By  on October 5, 2007

ATLANTA — Recreational Equipment, Inc., better known as REI, has opened an expanded and renovated Boulder, Colo., store designed to serve as a working laboratory to analyze the performance of green building features and new retail concepts.

The 42,000-square-foot store meets the U.S. Green Building Council’s LEED (Leadership in Energy and Environmental Design) Silver standards for commercial interiors, and it also incorporates an elevated community center that is the focal point of the store.

The overall design scheme is meant to be reminiscent of nature, which is reflected in the exterior architecture and interior design elements. For example, the store’s facade incorporates visual cues of earthen strata, thick forest canopies and a towering pinnacle.

Gensler, a global design, planning and strategic consulting firm and a leader of sustainable design, is the architect and interior designer for the store, which opened Oct. 5. Ted Jacobs, Gensler’s design director for the project, said, “REI challenged us to raise the bar in terms of how their store and brand experience could better serve the community and the environment.”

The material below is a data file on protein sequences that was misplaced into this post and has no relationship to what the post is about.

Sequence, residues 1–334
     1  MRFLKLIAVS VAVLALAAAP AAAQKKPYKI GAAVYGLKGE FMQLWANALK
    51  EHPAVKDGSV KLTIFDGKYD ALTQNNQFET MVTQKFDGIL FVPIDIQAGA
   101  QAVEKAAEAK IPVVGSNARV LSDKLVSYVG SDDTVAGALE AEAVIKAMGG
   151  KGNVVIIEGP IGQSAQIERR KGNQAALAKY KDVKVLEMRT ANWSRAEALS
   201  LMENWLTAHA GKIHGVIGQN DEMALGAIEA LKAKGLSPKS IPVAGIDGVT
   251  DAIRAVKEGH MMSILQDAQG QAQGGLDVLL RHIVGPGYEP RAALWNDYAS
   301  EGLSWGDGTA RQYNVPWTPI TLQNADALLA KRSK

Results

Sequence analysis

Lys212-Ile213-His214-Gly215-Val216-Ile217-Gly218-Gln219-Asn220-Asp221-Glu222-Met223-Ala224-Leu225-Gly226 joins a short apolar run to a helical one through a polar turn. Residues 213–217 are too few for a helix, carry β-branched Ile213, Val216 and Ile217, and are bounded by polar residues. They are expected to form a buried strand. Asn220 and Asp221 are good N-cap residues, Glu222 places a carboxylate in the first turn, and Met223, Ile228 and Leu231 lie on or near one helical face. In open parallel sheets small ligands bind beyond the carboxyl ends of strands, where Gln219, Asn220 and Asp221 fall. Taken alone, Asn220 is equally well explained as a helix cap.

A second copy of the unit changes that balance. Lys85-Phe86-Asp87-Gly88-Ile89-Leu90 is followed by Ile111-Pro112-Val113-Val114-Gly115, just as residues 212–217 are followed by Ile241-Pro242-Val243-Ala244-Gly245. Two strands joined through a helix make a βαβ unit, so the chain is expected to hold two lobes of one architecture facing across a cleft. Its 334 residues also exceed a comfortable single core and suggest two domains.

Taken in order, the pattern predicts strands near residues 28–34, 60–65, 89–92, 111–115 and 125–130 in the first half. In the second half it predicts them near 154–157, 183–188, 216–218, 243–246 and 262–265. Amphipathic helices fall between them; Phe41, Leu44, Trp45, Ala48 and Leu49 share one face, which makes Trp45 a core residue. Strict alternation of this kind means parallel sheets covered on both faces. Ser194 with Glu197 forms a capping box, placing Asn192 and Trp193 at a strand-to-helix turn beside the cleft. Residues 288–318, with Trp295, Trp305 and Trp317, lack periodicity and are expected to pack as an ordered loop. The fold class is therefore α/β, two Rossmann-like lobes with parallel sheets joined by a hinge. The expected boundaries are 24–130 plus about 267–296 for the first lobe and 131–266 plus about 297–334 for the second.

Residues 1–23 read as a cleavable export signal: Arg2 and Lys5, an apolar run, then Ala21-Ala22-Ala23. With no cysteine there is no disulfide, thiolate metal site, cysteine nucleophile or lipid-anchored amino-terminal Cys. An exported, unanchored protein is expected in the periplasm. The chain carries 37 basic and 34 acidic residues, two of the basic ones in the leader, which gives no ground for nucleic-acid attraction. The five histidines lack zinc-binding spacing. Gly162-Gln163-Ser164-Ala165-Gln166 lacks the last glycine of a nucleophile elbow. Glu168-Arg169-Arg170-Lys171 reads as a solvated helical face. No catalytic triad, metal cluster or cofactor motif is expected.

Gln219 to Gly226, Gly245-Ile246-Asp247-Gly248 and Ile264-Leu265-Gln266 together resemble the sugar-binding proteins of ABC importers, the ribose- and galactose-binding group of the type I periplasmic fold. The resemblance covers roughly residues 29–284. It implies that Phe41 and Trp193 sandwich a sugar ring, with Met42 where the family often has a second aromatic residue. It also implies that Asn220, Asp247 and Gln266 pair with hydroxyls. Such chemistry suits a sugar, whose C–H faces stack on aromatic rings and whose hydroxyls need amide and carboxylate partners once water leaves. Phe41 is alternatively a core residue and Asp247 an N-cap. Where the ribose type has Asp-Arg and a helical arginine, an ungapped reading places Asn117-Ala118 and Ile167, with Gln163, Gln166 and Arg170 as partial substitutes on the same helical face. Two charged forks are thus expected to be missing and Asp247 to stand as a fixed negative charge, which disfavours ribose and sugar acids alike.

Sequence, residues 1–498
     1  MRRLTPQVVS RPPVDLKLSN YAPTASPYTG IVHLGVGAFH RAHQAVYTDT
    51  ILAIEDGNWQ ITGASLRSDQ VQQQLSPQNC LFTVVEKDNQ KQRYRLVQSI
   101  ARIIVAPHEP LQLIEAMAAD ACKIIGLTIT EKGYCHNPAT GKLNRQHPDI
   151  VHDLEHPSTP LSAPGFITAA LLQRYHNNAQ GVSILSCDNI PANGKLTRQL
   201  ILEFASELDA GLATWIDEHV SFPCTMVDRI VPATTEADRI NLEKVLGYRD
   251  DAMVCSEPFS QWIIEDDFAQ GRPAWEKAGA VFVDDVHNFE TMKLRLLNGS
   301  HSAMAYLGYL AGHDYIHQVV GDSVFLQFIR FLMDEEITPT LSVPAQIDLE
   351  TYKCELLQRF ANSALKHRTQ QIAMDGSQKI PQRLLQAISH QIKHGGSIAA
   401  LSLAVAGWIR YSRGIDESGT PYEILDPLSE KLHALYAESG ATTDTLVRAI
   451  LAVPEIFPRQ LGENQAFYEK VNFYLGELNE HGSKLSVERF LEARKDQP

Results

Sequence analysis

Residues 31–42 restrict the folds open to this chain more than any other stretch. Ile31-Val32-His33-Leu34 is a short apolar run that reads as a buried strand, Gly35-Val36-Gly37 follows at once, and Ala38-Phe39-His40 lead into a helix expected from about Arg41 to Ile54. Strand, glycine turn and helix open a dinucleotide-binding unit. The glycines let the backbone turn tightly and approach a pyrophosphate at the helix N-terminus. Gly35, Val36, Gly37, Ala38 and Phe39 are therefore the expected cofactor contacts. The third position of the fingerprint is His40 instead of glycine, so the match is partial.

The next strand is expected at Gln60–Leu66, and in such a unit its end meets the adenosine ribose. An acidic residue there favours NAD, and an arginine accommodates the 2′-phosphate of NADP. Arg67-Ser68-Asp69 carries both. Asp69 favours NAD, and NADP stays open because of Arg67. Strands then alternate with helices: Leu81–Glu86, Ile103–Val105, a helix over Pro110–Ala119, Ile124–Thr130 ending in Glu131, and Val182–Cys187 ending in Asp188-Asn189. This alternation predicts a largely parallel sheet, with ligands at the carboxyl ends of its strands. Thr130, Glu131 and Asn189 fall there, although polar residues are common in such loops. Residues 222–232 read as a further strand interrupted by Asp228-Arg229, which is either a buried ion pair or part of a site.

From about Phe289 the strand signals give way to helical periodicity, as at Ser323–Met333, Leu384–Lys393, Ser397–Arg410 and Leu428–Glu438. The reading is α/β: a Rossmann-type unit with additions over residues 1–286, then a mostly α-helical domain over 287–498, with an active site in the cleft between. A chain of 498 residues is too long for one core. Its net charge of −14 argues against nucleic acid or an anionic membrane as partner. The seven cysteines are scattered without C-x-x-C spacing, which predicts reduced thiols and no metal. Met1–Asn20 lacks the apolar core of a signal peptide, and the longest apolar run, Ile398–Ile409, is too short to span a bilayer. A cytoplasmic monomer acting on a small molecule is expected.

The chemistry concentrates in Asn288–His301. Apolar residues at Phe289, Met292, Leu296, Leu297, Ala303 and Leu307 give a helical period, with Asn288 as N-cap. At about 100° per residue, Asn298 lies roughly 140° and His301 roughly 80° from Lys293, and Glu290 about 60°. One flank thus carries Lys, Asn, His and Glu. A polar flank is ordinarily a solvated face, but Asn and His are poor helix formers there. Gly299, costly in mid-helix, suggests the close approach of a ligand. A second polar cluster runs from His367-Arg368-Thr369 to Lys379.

Dean Iwata, REI’s director of store development, said the store “builds on our more than 10 years of green building experience and helps us test concepts that will pave the way for how our stores are built in the future, including design, material selections and use of technology.” Green building techniques used in the store’s design include aggressive daylight harvesting systems that will reduce the store’s energy consumption and allow for more natural daylight over in-store lighting. That includes Solatubes, which are highly reflective funnel-shaped tubes that channel daylight from the roof throughout the store, which are expected to save approximately 20 percent in the store’s energy costs.

The store also has a centrally-located glass atrium skylight to let in sunlight while monitoring and capturing the sun’s energy to power the store through technology called building integrated photovoltaics. REI and Gensler said it’s this solar roof monitor is the first installation of building-integrated photovoltaics of its kind in a retail environment. Gensler also pointed out that daylight has been shown in studies by big-box retailers to have a positive effect on sales.

Other sustainable highlights include floors, perimeter walls, fixtures, displays, benches and tabletops made of green materials, such as bamboo, recycled rubber, and cork.

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